There is something about watching things grow and change. This is why I became a teacher and started this series, Teach at Home Thursdays. When I was working in the classrooms, too often parents would they don’t know how to help their children at home without buying materials or curriculum and then they don’t know what way to “teach” their children as there are times they learn different methods at school.
This is so common and breaks my heart to hear a parent say this; after all we are a child’s first teacher. That’s right a parent is a child’s first teacher, but what exactly does that mean? Let’s think about it, first who teaches your child how to be comforted when they are crying? Who is the person or persons that they model their language development from? Are you seeing a pattern here? It all goes and comes back to parent involvement. With that being said, it is my philosophy and always has been to help my student’s parents do thing with them at home that help to develop skills and create opportunities to spend time together as a family. The learning will come from there; it is amazing when it does happen.
A simple and easy activity to do at home is growing things, whether is be a flower, a vegetable or even a fruit. Growing something together is almost symbolic of your relationship with your child; you are learning and growing together.
Start with whatever you want to grow, in my household; we planted flowers, garlic, started lettuce and cucumbers. Cost for the activity will all depend on what you want to plant, where you plant them and what you plan on doing it. The garlic and the lettuce were leftovers from our meals; the cucumbers were given to us in a kit and the flowers, we bought two different kind, wildflowers and gladiolus.
We used baby food, salsa and pickle jars and yogurt containers to start our plants. I picked up a bag of soil at Rite Aide for $5.00. Total cost of the project: $15.00 with the soil and the bulbs that we purchased. Not bad for a learning experience that will hopefully help us have some extra food!
|our planted flowers|
|some garlic (love me this stuff)|
|into the soil they go!|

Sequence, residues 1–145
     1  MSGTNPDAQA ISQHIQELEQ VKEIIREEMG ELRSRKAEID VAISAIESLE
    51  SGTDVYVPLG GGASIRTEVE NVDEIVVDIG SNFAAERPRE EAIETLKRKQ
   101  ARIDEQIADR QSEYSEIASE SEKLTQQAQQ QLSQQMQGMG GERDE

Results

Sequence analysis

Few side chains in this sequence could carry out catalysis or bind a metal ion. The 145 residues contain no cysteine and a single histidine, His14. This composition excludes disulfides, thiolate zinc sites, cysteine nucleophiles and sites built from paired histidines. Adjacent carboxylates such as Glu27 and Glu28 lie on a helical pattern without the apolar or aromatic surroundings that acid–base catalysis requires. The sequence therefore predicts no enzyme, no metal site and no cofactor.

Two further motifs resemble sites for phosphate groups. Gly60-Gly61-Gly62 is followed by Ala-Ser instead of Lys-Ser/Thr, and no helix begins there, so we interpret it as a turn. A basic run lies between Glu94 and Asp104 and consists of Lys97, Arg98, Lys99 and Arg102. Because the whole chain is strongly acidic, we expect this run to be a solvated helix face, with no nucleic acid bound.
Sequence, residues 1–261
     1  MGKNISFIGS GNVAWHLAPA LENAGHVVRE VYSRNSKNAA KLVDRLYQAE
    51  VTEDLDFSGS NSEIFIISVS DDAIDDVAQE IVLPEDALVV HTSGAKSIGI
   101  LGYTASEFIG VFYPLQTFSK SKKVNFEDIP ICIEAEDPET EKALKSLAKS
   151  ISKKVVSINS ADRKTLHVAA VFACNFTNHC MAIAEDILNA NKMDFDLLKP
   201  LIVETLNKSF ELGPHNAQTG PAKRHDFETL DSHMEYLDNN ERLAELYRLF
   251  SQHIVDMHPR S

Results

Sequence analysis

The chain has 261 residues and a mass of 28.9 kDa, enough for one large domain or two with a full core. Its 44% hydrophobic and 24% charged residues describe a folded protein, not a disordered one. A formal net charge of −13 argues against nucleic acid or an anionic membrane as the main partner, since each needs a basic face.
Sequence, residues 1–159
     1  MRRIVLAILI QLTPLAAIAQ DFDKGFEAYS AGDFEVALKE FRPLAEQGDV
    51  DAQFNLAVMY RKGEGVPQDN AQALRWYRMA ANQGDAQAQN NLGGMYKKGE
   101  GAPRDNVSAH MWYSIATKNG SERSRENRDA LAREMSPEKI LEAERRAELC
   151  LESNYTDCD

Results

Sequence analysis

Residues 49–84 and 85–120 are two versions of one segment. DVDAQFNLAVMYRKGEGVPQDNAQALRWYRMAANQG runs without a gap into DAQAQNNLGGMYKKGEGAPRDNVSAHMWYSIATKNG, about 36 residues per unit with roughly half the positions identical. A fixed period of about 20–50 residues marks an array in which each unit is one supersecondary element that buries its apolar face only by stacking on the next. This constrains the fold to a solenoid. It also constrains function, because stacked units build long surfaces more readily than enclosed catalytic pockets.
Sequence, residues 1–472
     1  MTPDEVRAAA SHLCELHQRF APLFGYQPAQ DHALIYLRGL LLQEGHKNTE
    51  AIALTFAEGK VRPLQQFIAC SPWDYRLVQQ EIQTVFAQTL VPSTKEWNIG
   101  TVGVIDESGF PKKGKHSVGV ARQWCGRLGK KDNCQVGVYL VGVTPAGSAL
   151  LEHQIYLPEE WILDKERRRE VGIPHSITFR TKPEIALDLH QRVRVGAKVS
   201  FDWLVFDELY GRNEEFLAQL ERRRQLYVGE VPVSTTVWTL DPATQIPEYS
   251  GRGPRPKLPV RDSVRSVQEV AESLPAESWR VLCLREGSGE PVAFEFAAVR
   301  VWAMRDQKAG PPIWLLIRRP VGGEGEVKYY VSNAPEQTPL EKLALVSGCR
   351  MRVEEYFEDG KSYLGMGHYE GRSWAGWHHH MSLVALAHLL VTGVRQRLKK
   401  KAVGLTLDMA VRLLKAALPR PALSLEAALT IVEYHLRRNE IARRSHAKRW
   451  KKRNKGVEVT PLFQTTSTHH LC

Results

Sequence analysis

|getting some sun: our lettuce, garlic and avacado tree (well hopefully)|
|day four: look at those roots!|
We started by planting the garlic cloves. They were pretty easy to plant, fill a container, make a hole and drop in the clove. Cover with dirt. Good to go. The Gladiolus were just about as simple, fill a jar with dirt, place bulb on top and done.
Once all of the seeds/bulbs were planted, we discussed what we were going to see, what we thought was going to happen, was it easy or hard to grow food, what they looked like on day one. We took pictures to document our plants.
To help to document the growth and help the children to enhance their reasoning skills, I created a workbook page that they could keep track of their plants. Here it is:
On the page is a line for what day it is of growth, how tall, the date and a space to draw a picture. The picture is the most important part for the children as this is where you will see what they are noticing. At first the children drew an empty container (well filled with soil) . A couple of days later, they couldn’t see the roots, so they drew an empty container. When we turned the baby food jar over, they discovered there had been roots growing the entire time. Woah, what a surprise for them. They knew plants had roots, but didn’t realize they had to grow down before they could grow up! What a neat experience. I loved seeing their faces light up like light bulbs. Continue on another week and we are starting to see green! They are thrilled and I couldn’t been happier with their fascination with how the plants are growing. Even Bean is so excited to see the plants. He always tries to grab them. It has been three weeks now and our books are growing and so are our plants.
|our flowers after three weeks! They look great|
|garlic one: the kids loved seeing it so much we planted three more containers|
|more flowers: closer look at them|
|look at our cucumber after two weeks!|
|and after three weeks! It is always so amazing to me at how fast they grow!|
|love all the flowers, cannot wait to see them when they bloom|
Pumpkin wanted to "unplant" one of the plants so we could explore it more closely. What a great idea, even I sat there in awe. This is our garlic after a week of growing.
Best part of the activity my children have a better understanding of where some of their food comes from. Next step: measuring our plants and introducing the concept of composting.